I went through it—watching my mom slow down as she got older. The images of a vivacious young brunette standing with her husband and three young kids gradually faded to gray as we grew up. In time, Mom turned 50, 60, 70, and 80. A pillar of strength, she began to walk with a limp, drove a little slower and more erratically, forgot simple things, and spent more time at the doctor’s office.
Being with my mom in her later years was both joyfully pleasant . . . and painfully difficult. She had become the better version of her younger self—as well as a shadow of her younger self. We delighted at the softening of her tightly wound personality, and cringed at the physical hardening and frailty that came with advancing years. From the days after our dad died right up to the time of her passing two years ago, our family did everything in our power to love and appreciate her for the wise and generous matriarch she had become. But I’d be lying if I told you it wasn’t tough.
Now it’s my daughter Stefie’s turn. I sometimes catch her looking at me, the older version of her daddy, out of the corner of her eye. The look on her face is one of genuine gratitude, coupled with a tinge of sorrow. She’s grateful for all that I’ve been and done over the years and has made it a priority to get to know me better. But she realizes, more than ever, that I’m not going to be around forever. So do I. Stefie and I are cherishing the walks, late-night phone calls, and bold conversations we have over lunch. Even our occasional disagreements bring us closer together. We listen to each other carefully and avoid petty arguments ninety-five percent of the time.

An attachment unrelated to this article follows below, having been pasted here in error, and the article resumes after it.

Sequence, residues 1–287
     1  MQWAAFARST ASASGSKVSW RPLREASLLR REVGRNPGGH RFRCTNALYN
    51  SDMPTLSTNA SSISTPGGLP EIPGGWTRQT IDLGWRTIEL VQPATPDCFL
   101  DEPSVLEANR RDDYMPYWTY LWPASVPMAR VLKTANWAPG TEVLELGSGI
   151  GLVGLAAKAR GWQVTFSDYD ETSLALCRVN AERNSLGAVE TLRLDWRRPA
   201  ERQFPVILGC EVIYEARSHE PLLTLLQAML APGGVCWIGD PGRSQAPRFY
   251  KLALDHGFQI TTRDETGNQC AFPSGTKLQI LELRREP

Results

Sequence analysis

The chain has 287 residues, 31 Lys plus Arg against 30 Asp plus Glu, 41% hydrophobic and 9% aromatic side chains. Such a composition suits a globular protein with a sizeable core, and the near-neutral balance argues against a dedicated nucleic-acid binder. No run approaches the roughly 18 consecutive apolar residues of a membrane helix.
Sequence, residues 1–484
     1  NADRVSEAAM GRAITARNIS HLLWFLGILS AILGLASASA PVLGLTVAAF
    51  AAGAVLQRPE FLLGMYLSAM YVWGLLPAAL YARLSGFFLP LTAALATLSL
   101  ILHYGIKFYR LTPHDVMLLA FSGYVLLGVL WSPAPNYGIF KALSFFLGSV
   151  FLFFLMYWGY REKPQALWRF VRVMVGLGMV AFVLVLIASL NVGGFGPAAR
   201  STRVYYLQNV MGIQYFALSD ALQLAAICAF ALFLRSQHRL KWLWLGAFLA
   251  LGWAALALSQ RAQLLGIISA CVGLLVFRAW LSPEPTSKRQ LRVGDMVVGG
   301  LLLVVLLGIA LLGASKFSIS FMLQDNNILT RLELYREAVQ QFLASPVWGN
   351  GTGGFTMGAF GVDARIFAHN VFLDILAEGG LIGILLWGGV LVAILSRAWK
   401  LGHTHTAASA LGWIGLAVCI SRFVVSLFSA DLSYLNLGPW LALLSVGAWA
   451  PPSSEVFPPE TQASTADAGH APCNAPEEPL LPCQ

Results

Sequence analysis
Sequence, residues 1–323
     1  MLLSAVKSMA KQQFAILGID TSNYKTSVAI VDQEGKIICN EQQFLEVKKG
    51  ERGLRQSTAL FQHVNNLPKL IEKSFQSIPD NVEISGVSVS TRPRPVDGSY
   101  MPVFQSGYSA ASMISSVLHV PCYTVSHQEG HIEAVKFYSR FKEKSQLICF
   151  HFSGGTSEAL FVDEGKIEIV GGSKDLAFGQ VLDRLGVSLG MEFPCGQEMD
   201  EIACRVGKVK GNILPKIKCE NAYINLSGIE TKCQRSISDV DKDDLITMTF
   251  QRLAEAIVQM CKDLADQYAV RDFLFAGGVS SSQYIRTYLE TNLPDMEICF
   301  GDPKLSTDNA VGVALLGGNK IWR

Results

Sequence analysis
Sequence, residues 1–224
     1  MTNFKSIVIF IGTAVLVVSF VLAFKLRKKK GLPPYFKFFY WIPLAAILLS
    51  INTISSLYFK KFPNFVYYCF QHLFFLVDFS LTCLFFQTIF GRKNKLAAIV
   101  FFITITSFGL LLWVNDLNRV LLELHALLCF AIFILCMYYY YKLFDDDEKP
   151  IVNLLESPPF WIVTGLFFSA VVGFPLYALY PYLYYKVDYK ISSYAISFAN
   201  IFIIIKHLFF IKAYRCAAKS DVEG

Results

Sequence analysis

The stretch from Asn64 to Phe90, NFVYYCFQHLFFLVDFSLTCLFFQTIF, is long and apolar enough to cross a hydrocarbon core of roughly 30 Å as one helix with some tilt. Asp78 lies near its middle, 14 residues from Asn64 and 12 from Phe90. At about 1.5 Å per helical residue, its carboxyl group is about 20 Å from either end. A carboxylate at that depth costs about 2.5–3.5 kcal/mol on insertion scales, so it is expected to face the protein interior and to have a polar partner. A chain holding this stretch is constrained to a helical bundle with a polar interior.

My daughter and I affectionately text each other “333” (our lucky number) at 3:33 almost every day. We set aside fun time to get together as a foursome with one another’s partners and sweat less of the small stuff that comes up in our relationship. Stefie sees looking considerably older than the guy in that photo with his two beautiful young daughters that was taken 23 years ago.
Watching our parents grow older is an inescapably challenging and heart-wrenching part of life. How could we not feel the sharp pain of anticipatory sorrow when considering the fact that our mom or dad is getting older and will someday die? How could we not search for ways to hide from, deny, avoid, or soften the pain? Avoiding the truth of the situation may provide us with temporary refuge, but the stark reality of life going on without our parents lingers. Since we don’t want these issues to weigh us down, rob us of the joys to come or become the elephant in the room, here are nine options to consider:
- Summon the courage and strength to embrace the cycle of life. We get to live. And we get to die. Losing a parent is part of the cycle of life. Watching the mother and father who gave us life grow old and pass away is inexpressibly sad. Having had them as our parents, getting to experience the richness of our relationship with them is, however, cause for celebration. And gratitude. As we confront their aging and end of days, we also have an opportunity to share some of the dearest and most intimate kinds of love and sharing.